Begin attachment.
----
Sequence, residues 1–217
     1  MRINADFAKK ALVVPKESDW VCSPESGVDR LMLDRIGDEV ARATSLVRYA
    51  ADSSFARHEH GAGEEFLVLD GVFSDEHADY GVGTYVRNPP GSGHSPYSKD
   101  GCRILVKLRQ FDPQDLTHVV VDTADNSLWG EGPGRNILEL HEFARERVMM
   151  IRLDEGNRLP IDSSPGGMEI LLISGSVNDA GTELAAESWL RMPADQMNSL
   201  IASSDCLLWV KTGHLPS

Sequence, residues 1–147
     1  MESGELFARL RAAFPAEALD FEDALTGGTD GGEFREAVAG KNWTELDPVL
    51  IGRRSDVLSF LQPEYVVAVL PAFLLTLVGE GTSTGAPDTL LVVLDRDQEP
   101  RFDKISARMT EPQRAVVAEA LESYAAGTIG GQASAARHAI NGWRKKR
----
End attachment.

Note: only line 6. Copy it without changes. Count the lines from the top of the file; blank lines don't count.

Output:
   201  IASSDCLLWV KTGHLPS